News and Press Releases

Southern District of Georgia’s U. S. Attorney’s Office Collects Over $71 Million in Civil, Criminal and Asset Forfeiture Cases in Fiscal Year 2013

FOR IMMEDIATE RELEASE
January 9, 2014

 

SAVANNAH, GA - U. S. Attorney Edward Tarver announced today that the Southern District of Georgia collected over $71 million in civil, criminal and asset forfeiture actions in Fiscal Year (FY) 2013.  The Office collected $31,621,385.97 in criminal and civil actions in FY 2013.  Of this amount, $29,153,117.82 was collected in criminal actions and $2,468,268.15 was collected in civil actions.  Additionally, the Office, working with partner federal agencies, collected $40,435,520.24 in asset forfeiture actions in FY 2013.

U. S. Attorney Tarver stated, “The amount of money collected in criminal, civil and asset forfeiture actions by the men and women of the United States Attorney’s Office in FY 2013 is by far the largest collection year in the Office’s history.  The amounts collected dwarf the Office’s yearly budget.  In other words, this Office earns its keep and then some.” 

Additionally, Attorney General Eric Holder announced on Thursday that the Justice Department collected approximately $8.1 billion in civil and criminal actions in the fiscal year ending September 30, 2013.  The more than $8 billion in collections in FY 2013 represents nearly three times the appropriated $2.76 billion budget for the 94 U. S. Attorney’s Offices and the main litigating divisions in that same period.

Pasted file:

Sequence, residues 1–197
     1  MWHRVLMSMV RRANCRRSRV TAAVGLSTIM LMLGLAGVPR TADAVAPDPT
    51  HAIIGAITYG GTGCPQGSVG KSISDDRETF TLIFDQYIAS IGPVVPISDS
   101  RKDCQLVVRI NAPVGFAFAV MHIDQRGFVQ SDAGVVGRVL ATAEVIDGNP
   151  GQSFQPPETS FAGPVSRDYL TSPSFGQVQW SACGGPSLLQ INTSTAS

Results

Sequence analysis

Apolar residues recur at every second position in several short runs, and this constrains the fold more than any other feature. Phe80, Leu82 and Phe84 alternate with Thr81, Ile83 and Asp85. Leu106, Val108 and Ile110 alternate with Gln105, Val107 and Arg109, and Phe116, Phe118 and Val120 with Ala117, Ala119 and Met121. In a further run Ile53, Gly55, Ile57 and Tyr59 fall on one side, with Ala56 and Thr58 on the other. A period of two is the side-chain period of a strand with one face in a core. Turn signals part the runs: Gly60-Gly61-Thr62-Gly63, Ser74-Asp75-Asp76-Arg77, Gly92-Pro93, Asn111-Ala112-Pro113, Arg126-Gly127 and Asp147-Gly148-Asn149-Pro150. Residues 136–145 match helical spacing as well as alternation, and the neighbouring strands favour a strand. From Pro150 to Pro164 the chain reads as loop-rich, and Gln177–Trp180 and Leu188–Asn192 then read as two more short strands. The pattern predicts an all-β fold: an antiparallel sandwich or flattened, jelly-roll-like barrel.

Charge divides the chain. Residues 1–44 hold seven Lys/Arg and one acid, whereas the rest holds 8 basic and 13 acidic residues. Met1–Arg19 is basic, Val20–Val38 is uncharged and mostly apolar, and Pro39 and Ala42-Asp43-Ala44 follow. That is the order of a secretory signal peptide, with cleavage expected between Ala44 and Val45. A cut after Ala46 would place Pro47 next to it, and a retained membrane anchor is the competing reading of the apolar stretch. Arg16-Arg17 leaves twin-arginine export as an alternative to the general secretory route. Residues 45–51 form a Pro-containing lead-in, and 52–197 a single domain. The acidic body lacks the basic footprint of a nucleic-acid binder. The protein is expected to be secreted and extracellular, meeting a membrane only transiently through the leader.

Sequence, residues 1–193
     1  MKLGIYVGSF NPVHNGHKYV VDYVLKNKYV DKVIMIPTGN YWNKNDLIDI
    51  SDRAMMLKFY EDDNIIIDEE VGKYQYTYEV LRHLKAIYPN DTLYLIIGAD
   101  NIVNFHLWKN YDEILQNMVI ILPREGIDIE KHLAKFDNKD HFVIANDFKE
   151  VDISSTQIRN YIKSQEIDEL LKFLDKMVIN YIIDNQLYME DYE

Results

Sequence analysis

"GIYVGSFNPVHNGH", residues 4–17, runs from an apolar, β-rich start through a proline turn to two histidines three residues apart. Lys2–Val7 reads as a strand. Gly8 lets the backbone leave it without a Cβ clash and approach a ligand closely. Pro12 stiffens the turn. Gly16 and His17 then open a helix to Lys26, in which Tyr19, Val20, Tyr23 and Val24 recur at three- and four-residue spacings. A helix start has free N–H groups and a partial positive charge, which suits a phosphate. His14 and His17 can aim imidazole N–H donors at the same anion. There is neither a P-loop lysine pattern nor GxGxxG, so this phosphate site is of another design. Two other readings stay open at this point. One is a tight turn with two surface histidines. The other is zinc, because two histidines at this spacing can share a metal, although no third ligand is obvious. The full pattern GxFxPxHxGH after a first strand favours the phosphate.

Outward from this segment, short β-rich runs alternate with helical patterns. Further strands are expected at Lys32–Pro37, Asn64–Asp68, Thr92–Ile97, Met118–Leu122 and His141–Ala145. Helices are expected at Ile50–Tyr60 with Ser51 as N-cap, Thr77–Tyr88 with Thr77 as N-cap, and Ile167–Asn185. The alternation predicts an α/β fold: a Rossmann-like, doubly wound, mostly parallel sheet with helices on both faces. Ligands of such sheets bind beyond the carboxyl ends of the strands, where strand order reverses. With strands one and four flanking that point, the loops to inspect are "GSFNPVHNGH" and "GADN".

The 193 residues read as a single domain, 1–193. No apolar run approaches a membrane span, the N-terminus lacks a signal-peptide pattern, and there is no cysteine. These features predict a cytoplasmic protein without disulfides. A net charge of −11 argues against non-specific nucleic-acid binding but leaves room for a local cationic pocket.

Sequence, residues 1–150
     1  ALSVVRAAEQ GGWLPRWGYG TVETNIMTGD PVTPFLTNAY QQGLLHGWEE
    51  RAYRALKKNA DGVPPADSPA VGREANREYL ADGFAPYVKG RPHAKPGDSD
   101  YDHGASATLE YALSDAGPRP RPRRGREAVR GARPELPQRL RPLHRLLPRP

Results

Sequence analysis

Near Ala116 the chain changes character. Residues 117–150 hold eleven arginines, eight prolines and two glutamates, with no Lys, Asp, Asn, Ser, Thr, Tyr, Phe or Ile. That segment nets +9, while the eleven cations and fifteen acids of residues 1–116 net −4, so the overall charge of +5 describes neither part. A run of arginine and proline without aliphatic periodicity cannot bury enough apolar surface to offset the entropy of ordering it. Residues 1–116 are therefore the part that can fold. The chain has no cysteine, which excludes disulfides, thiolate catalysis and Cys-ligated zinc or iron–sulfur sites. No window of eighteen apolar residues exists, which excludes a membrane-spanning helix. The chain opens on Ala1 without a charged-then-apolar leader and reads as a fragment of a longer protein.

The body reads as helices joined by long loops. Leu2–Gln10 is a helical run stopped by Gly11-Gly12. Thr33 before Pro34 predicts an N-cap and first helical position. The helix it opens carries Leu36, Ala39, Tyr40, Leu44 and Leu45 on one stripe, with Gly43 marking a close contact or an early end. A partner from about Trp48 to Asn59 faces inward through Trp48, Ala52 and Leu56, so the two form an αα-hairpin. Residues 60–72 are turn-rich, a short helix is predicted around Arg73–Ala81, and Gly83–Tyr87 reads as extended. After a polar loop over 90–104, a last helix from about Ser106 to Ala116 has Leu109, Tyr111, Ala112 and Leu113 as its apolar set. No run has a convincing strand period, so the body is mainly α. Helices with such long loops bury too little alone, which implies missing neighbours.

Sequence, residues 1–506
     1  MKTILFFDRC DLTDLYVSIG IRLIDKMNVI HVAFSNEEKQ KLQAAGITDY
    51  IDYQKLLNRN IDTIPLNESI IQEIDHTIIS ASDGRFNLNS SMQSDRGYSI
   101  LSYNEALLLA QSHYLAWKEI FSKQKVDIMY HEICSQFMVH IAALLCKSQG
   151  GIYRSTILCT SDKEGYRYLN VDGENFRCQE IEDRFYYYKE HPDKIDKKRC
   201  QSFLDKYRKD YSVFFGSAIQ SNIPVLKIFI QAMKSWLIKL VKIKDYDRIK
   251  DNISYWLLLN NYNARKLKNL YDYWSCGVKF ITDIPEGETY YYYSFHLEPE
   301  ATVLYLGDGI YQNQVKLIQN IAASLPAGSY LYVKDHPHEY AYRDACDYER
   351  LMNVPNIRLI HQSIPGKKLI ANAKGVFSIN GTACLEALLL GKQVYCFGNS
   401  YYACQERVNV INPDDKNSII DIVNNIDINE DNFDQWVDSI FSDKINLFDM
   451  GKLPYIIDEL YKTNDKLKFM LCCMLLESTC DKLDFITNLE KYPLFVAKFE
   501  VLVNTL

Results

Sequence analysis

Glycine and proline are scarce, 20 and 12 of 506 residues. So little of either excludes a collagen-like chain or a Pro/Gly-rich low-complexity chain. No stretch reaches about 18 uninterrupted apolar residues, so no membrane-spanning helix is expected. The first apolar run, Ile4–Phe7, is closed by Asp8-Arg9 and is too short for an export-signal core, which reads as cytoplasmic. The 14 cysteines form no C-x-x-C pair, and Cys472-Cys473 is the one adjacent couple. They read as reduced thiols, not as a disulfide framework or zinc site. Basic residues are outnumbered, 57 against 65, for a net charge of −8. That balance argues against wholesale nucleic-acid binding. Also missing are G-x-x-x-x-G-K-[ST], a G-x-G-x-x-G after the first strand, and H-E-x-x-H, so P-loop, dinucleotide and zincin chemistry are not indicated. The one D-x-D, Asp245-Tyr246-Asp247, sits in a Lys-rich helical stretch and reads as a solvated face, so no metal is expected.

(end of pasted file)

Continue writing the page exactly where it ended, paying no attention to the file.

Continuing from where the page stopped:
“The Department’s enforcement actions help to not only ensure justice is served, but also deliver a valuable return to the American people,” said Attorney General Holder.  “It is critical that Congress provide the resources necessary to match the Department’s mounting caseload.  As these figures show, supporting our federal prosecutors is a sound investment.”

The U. S. Attorneys’ Offices, along with the Department’s litigating divisions, are responsible for enforcing and collecting civil and criminal debts owed to the United States and criminal debts owed to federal crime victims.  The law requires defendants to pay restitution to victims of certain federal crimes who have suffered a physical injury or financial loss.  While restitution is paid to the victim, criminal fines and felony assessments are paid to the Department’s Crime Victims’ Fund, which distributes the funds to state victim compensation and victim assistance programs. 

The largest civil collections were from affirmative civil enforcement cases, in which the United States recovered government money lost to fraud or other misconduct or collected fines imposed on individuals and/or corporations for violations of federal health, safety, civil rights or environmental laws.  In addition, civil debts were collected on behalf of several federal agencies, including the U. S. Department of Housing and Urban Development, Health and Human Services, Internal Revenue Service, Small Business Administration, and Department of Education.

Forfeited assets are deposited into the Department of Justice Assets Forfeiture Fund and are used to restore funds to crime victims and for a variety of law enforcement purposes.

 

 

 

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